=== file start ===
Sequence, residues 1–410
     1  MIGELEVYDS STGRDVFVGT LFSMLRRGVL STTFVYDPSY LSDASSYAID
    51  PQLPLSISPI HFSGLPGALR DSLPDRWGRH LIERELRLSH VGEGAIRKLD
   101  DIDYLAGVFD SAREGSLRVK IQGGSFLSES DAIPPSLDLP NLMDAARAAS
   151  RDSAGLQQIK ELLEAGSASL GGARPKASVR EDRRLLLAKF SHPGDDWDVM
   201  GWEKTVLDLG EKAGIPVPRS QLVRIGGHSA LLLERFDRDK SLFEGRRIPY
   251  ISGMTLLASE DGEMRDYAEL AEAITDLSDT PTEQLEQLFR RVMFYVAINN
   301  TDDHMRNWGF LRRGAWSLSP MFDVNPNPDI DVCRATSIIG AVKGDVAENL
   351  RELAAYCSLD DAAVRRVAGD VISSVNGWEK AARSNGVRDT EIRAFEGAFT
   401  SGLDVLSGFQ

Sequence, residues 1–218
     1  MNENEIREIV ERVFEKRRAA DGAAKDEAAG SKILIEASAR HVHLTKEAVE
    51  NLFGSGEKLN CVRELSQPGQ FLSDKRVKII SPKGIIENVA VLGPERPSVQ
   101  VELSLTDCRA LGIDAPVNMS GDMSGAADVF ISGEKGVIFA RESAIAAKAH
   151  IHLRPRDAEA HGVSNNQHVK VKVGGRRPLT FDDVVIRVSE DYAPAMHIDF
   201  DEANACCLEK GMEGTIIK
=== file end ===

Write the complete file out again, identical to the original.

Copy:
Sequence, residues 1–410
     1  MIGELEVYDS STGRDVFVGT LFSMLRRGVL STTFVYDPSY LSDASSYAID
    51  PQLPLSISPI HFSGLPGALR DSLPDRWGRH LIERELRLSH VGEGAIRKLD
   101  DIDYLAGVFD SAREGSLRVK IQGGSFLSES DAIPPSLDLP NLMDAARAAS
   151  RDSAGLQQIK ELLEAGSASL GGARPKASVR EDRRLLLAKF SHPGDDWDVM
   201  GWEKTVLDLG EKAGIPVPRS QLVRIGGHSA LLLERFDRDK SLFEGRRIPY
   251  ISGMTLLASE DGEMRDYAEL AEAITDLSDT PTEQLEQLFR RVMFYVAINN
   301  TDDHMRNWGF LRRGAWSLSP MFDVNPNPDI DVCRATSIIG AVKGDVAENL
   351  RELAAYCSLD DAAVRRVAGD VISSVNGWEK AARSNGVRDT EIRAFEGAFT
   401  SGLDVLSGFQ

Sequence, residues 1–218
     1  MNENEIREIV ERVFEKRRAA DGAAKDEAAG SKILIEASAR HVHLTKEAVE
    51  NLFGSGEKLN CVRELSQPGQ FLSDKRVKII SPKGIIENVA VLGPERPSVQ
   101  VELSLTDCRA LGIDAPVNMS GDMSGAADVF ISGEKGVIFA RESAIAAKAH
   151  IHLRPRDAEA HGVSNNQHVK VKVGGRRPLT FDDVVIRVSE DYAPAMHIDF
   201  DEANACCLEK GMEGTIIK